Infographic: Is Too Much Screen Time Really a Problem?

Too Much Screen

We’ve heard it for decades now – too much screen time will rot your brain. After the advent of the television this served as a warning not to sit in front of a screen passively watching images projected on a glass screen.

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But as computers and even smartphones and tablets came on the scene the way we interact with screens has changed significantly. Is screen time still bad in an age where we are using it for everything from interpersonal communication to school?

Studies Show Too Much Screen Time Correlates With Developmental Delays

Parents have long been warned against allowing kids, especially young ones, to have too much access to screens.

There is good reason for this, but it’s also not as straightforward as you might think. Children under two who regularly watch one hour of television per day show higher rates of cognitive, motor, and language delays, while children between the ages of two and six who use screens frequently show higher rates of emotional problems and family dysfunction.

But these studies show a correlation based on observable information, which may not paint a complete picture. The type of screen time matters, as do other factors in a child’s life.

Does family dysfunction come from too much screen time or does too much screen time cause family dysfunction? Does it make more sense that a dysfunctional family would rely on too much screen time or that a child watching too much television would cause his family to become dysfunctional?

Screen Time Is More Nuanced Than Just On Or Off

Is watching Looney Toons the same as watching Sesame Street? Probably not. But even television isn’t the only type of screen time kids are using. Games are another thing kids are using screens for, and the harmfulness of that even changes with the type of game.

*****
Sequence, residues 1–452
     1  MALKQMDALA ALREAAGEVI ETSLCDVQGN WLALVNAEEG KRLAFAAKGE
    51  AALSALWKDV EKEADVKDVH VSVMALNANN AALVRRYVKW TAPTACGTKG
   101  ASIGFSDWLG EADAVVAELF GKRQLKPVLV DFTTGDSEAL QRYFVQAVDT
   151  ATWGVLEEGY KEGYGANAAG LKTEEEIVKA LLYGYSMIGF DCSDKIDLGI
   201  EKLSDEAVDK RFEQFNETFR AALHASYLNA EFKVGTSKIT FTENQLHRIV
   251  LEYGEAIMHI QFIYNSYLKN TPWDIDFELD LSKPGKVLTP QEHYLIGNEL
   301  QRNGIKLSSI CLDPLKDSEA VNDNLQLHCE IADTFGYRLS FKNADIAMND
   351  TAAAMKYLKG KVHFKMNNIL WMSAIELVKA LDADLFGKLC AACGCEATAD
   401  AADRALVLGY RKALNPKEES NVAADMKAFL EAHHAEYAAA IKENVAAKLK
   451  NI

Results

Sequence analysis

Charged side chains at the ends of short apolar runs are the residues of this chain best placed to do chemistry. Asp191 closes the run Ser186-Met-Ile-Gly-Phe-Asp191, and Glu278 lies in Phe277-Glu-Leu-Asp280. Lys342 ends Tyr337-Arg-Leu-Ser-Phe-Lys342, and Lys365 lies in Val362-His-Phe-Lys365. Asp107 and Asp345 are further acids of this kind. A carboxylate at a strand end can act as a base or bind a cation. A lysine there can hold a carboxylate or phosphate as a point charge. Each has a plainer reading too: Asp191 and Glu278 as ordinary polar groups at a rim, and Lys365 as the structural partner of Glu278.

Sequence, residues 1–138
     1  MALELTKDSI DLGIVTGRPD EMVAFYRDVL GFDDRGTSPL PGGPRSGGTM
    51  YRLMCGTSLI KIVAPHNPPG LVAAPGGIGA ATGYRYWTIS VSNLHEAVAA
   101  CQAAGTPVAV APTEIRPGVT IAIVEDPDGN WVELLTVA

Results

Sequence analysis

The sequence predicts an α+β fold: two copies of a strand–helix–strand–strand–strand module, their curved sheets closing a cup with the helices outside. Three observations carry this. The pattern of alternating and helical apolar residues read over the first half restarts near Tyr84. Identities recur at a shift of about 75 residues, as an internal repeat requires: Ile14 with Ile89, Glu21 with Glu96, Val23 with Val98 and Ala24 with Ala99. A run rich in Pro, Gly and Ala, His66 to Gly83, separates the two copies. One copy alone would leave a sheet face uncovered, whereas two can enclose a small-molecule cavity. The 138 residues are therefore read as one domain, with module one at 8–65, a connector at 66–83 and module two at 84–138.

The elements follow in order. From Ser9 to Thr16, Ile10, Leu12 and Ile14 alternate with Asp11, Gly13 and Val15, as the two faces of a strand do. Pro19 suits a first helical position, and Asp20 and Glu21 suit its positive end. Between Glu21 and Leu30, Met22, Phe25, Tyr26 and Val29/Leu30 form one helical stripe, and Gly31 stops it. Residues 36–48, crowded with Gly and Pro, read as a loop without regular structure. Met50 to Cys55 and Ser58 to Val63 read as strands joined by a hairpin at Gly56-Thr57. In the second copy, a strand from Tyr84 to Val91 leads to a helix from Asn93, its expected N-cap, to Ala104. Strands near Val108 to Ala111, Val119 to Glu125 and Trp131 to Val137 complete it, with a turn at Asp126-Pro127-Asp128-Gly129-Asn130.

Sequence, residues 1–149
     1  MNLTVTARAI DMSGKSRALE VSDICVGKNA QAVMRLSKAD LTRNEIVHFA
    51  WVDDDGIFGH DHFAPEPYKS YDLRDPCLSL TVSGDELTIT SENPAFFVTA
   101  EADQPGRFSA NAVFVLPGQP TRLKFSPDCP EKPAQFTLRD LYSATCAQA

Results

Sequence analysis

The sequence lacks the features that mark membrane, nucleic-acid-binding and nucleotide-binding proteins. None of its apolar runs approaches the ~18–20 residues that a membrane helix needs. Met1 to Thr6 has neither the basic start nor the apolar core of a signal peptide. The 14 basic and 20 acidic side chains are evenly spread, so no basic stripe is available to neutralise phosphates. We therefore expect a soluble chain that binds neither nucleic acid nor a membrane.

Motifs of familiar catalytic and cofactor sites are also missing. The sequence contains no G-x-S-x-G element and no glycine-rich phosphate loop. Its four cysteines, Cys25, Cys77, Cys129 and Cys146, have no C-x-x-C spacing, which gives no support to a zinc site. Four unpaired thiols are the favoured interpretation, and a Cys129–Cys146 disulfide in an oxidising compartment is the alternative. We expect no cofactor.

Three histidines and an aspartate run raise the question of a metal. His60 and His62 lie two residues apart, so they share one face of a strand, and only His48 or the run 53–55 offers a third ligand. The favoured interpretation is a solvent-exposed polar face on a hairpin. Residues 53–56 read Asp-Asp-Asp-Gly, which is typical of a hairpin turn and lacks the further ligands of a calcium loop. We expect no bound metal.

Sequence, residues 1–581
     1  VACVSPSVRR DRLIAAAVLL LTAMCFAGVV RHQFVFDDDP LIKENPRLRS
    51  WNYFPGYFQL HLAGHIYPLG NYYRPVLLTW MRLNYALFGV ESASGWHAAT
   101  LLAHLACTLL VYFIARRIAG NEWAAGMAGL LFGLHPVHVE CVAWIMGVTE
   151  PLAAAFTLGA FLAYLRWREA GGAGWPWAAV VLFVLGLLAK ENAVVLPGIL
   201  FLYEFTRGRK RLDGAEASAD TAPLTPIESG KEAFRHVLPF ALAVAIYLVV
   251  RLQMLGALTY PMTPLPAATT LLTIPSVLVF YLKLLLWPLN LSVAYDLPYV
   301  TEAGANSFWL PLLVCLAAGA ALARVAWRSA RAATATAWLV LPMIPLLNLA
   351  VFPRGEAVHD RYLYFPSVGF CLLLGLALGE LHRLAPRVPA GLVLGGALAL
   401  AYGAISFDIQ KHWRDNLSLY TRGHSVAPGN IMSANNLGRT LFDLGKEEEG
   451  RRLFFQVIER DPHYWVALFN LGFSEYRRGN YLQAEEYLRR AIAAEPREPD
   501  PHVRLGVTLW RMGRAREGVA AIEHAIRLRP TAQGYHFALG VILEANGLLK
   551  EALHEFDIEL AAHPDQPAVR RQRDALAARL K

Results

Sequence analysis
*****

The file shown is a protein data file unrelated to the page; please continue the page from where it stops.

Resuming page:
Smartphone app-based games are often designed to be addictive while offering little cognitive benefit. On the other hand, creative games like Minecraft teach kids about problem solving and are an active way to participate in screen time.

Active versus passive screen time matters, as does what is being done. Using screens to communicate with family and friends, especially right now, is a great use of screens and probably shouldn’t be limited, especially for screen addiction concerns.

Quality Of Screen Time Matters

Right now parents are going to work on screens and kids are going to school on screens. Does this mean we will all be addicted to screens when the pandemic is over? Some people might be, but that is not the biggest concern of all at the moment.

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Right now the biggest concern is ensuring people have access to each other and that kids can go to school and parents can work safely. This is much better for our mental health than trying to cut ourselves off from the world both physically and digitally.

Pay attention to the kind of screen time your family is getting and try to balance it out between necessary, social, and recreational. Add in some family game nights and watch movies together as a family instead of everyone watching their own screens separately.

Learn more about why we should be reevaluating screen time from the infographic below.

Brian Wallace
Brian Wallace is the Founder and President of NowSourcing, an industry leading infographic design agency , based in Louisville, KY and Cincinnati, OH which works with companies that range from startups to Fortune 500s. Brian also runs #LinkedInLocal events nationwide, hosts the Next Action Podcast, and has been named a Google Small Business Advisor for 2016-2018.